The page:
Let's talk "urban" investing...

2 Replies

Hello again good people! 

I wanted to get input from you on investing in lower income urban neighborhoods. Some call these places "the hood", "the ghetto" or "war zones". In Lansing, we really don't have ghettos or war-zones to that degree. But I grew up in urban Detroit, so my frame of reference is a bit different than others! :) 

Anyway, are there any of you out there that currently invest in these types of areas here in Lansing? I know the cheaper $10-$40k houses tend to work better for landlords & rental/cash flow rather than re-habbers. Using the wholesaling strategy, we are getting solid leads on available houses consistently. Some are nice and need little work and some are beat to death and would need major repair work. 

What are your thoughts??

Frame of reference doesn't matter.  Just because you are more familiar with a bad investment, doesn't make it a better one.  It just means you should be more familiar with the reasons not to invest there.

Wholesaling is a lot more work than it is made out to be.  You can't make very much money on low cost housing if you're wholesaling since the starting point is so low.  If you want to make $5k on a deal, and the actual cost of the deal is $40k vs. $10k, which one do you think you are more likely to be able to make work?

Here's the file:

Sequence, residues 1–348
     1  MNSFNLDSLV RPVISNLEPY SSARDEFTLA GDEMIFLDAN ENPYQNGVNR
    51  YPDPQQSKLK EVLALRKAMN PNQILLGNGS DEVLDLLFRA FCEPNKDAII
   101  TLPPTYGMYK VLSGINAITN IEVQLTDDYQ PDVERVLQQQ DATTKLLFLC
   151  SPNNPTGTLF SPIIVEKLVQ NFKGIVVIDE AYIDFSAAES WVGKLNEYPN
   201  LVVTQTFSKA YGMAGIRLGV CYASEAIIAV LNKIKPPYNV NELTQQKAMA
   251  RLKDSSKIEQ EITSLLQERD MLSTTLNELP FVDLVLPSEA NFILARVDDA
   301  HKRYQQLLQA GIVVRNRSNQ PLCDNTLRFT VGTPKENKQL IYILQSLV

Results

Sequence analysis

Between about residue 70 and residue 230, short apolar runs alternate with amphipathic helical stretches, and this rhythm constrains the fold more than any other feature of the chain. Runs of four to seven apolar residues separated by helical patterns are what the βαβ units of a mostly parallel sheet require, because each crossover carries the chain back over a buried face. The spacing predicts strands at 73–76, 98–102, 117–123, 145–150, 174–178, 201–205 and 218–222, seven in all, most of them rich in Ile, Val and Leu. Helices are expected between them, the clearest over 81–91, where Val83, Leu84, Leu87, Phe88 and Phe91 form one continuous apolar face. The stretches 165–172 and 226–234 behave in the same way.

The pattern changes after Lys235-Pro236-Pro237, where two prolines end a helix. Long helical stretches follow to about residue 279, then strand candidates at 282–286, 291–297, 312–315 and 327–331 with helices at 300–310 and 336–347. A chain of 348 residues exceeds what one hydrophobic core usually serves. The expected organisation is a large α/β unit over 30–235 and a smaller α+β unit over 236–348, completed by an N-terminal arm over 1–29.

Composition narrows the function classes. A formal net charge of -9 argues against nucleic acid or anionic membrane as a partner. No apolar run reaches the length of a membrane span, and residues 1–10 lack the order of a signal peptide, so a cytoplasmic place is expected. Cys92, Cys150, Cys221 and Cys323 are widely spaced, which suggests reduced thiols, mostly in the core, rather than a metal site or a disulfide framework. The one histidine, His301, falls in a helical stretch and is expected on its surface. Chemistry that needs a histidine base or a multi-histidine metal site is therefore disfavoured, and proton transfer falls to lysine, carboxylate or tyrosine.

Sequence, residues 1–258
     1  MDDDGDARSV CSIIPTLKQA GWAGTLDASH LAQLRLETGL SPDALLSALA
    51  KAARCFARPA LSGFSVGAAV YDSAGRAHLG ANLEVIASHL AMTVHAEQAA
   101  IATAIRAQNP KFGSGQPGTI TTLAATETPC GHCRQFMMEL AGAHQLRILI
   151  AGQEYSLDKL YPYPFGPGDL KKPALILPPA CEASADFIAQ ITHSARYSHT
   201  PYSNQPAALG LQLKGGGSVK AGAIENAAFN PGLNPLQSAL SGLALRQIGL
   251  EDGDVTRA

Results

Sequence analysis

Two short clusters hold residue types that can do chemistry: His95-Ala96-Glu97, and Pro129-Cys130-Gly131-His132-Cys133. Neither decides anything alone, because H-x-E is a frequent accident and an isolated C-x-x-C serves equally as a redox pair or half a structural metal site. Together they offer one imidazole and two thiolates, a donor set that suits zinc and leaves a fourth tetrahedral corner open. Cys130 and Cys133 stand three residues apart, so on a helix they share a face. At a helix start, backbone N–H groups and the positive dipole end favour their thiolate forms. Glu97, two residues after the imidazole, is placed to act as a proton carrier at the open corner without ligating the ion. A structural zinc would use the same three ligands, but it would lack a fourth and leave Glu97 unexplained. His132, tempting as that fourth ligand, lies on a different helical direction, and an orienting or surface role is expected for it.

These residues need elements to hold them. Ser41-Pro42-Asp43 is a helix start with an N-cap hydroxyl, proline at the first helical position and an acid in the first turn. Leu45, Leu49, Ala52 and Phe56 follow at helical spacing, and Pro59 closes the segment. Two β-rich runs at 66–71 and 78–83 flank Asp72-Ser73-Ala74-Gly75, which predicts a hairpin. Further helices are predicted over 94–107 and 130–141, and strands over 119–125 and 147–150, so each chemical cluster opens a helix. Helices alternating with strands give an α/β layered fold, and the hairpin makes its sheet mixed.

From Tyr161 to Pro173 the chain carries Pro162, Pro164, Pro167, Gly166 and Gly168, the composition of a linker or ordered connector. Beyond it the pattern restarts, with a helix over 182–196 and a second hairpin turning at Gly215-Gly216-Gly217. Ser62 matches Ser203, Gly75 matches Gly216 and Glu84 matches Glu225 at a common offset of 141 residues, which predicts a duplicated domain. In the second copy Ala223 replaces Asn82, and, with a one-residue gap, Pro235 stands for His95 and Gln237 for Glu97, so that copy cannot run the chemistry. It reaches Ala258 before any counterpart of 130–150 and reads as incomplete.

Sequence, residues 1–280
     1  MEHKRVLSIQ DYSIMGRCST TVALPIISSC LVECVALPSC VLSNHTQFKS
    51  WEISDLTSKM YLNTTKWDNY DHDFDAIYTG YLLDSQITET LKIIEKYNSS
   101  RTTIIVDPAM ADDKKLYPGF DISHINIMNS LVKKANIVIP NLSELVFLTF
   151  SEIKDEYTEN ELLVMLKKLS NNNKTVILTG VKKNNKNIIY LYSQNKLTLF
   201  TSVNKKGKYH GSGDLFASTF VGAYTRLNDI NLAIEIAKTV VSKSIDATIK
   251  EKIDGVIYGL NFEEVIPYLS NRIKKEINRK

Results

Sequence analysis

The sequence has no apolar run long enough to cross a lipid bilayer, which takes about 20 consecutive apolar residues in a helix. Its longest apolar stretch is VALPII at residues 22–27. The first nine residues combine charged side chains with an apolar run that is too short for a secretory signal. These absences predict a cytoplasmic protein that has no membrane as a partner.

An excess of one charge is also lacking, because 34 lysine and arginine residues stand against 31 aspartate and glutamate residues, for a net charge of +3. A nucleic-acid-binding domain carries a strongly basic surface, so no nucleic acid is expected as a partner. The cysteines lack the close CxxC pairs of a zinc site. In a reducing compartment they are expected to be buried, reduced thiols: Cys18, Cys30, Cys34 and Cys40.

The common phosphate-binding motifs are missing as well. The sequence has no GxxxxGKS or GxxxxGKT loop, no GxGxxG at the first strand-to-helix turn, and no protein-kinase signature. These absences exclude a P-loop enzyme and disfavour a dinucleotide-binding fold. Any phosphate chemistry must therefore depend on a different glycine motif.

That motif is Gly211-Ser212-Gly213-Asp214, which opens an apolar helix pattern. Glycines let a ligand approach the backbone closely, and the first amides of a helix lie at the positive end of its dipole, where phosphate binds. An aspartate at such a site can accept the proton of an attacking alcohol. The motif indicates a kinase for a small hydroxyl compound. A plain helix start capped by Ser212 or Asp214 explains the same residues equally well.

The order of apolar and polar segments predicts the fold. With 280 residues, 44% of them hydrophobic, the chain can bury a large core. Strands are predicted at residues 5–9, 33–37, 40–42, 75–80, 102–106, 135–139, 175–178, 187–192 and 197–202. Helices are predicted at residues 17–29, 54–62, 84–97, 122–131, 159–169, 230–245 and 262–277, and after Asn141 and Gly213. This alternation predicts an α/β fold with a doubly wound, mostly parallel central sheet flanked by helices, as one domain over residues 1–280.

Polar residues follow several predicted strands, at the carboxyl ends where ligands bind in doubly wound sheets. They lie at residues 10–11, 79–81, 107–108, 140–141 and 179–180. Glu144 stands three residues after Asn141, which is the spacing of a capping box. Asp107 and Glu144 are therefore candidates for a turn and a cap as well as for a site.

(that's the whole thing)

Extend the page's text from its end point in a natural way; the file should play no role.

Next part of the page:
Hey Nate, 

This would be my advise, it doesn't matter what the price of the house is because your buyers list will be held with buy and hold people and flippers. For flipping sometimes it works in high price neighborhoods and the profits are much better with lower risk. I would use the 70% rule as a rule of thumb. For example, 100k house you need to buy for 70k all in, which means that you need to get that house for 70k - Rehab cost (get to know a good contract with a middle of the road price point so that you are not telling people you can do a whole house for 5 grand) and then subtract the fee that you want to make on the house and that should be the target. Generally that works for most people. I wouldn't touch a flip for less than a 20k profit (even that seems risky depending on the scope of work) so after closing cost (10%) those numbers work (they are at least close). 

On cheaper properties (ARV=60k) you need to be under 70% because the closing cost and stuff like this will not change much. But at ARV=200k there is more meat on the bone etc.

Every house has a price that it is valued at, but some of them are not even worth a dollar in their current state because of what the area can support for an ARV.

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